No more naivety
*The author is the international news editor of the JoongAng Ilbo.
Economic conditions following the Asian financial crisis 20 years ago were terrifying and extremely painful. Unemployment levels these days are bad, but cannot be compared to then. Following a year of restructuring and layoffs, over 1.8 million people were without jobs by February 1999. Those who managed to stay on the payroll went to work every day in fear of getting the axe.
The too-big-to-fail ethos didn’t survive that crisis. The tradition of sustaining large companies in fear of the repercussions on society if they went bust broke down. Big corporate names — Hanbo, Sammi, Jinro, Kia, and New Core — went under. Chaebol and began to learn the cost of reckless borrowing. The financial sector paid a heavy price, but nevertheless finally stabilized.
The Korean Peninsula this year is on a path toward peace through the momentum of summits between the two Koreas and Pyongyang and Washington. North Korean leader Kim Jong-un may receive the highest level of economic rewards and security for his hereditary dictatorship if he gives up his cherished nuclear weapons.
North Korea has developed nuclear weapons by claiming threats from the United States and South Korea, although they were true dangers in the first place. It argues it can sit down with the leader of the world’s strongest nation because it has completed a nuclear weapons program. Such an argument even has persuaded some people in the South. Kim, who until few months ago acted like a ruthless dictator, is now seen as an adventurous risk-taker.
We must never let down our guard. Governments both liberal and conservative have been naïve about North Korea in the past. They doubted that Pyongyang could complete its nuclear and missile programs this fast. They underestimated North Korea’s engineering as well as the resilience of its economy.
The United States was equally misjudging. The administration of President Barack Obama brushed off North Korea with its so-called strategic patience strategy. But eight years of indifference gave North Korea the time to master its weapons program. United Nations sanctions led by the United States did not curb North Korea’s nuclear ambitions. Washington only felt some urgency when it learned that North Korea had advanced intercontinental ballistic missile technology that could hit U.S. territory.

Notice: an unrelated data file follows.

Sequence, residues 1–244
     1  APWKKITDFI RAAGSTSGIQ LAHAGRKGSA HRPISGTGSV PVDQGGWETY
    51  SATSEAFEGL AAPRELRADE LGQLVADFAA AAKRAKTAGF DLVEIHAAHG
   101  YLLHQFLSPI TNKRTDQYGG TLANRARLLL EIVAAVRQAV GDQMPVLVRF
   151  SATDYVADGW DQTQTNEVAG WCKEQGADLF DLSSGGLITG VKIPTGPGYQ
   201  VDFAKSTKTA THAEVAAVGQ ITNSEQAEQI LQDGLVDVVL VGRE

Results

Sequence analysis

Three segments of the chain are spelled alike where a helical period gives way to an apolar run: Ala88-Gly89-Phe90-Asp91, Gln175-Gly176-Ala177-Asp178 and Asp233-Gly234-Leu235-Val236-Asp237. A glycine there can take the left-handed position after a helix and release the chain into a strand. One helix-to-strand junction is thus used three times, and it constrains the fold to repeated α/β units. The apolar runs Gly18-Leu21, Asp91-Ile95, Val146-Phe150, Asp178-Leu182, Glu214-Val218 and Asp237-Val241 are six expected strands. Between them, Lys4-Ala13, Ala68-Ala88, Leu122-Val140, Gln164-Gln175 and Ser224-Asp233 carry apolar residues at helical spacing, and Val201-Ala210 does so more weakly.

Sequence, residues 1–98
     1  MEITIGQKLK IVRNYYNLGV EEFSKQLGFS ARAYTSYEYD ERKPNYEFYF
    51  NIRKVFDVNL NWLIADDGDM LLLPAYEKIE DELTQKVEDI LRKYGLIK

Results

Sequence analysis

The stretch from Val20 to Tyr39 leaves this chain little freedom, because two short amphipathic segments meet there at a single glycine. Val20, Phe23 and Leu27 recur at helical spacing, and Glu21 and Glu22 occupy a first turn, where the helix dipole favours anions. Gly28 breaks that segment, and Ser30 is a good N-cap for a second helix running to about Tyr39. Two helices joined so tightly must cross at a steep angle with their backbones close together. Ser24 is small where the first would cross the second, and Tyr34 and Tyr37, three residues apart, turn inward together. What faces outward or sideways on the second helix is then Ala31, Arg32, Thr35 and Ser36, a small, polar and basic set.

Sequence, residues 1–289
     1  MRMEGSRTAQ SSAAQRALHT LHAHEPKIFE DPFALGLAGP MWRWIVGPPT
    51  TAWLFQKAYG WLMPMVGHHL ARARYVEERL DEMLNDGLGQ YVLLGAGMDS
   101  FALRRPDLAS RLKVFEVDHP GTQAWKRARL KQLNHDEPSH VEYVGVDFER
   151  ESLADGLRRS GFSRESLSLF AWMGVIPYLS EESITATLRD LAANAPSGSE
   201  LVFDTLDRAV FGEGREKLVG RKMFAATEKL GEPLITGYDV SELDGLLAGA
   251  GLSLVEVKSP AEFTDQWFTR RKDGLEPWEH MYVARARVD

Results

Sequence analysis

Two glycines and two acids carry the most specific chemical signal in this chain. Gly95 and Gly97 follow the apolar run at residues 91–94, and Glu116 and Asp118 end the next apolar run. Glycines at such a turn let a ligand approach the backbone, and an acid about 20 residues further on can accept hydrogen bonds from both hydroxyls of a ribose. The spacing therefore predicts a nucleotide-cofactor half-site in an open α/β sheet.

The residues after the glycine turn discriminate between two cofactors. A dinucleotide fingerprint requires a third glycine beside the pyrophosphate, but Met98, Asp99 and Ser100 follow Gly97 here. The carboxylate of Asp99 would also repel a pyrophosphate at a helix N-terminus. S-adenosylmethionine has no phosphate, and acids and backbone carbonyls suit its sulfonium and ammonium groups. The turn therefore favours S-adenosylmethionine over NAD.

Beijing’s wishy-washy attitude also played a part. China advocated for North Korea’s weapons program as deterrence against U.S. threats and claimed that the regime could scrap nuclear weapons if South Korea and the U.S. stop joint military exercises. Beijing vetoed strong UN Security Council actions. It opposed the deployment of the Terminal High Altitude Area Defense antimissile system and retaliated against South Korea with economic retaliations for going against its warning. Beijing could have influenced Pyongyang’s weapons program if it had shown the same eagerness to stop the Thaad deployment. To Beijing, North Korean nuclear weapons were simply not a direct threat.
U.S. President Donald Trump repeatedly thanked Chinese President Xi Jinping for his role in convincing Pyongyang to come to the table. Their self-congratulatory and indulgent words are discomforting. At the end of the day, the global powers only have their own interests in mind. We must keep our eyes wide open because we can no longer afford to be naïve.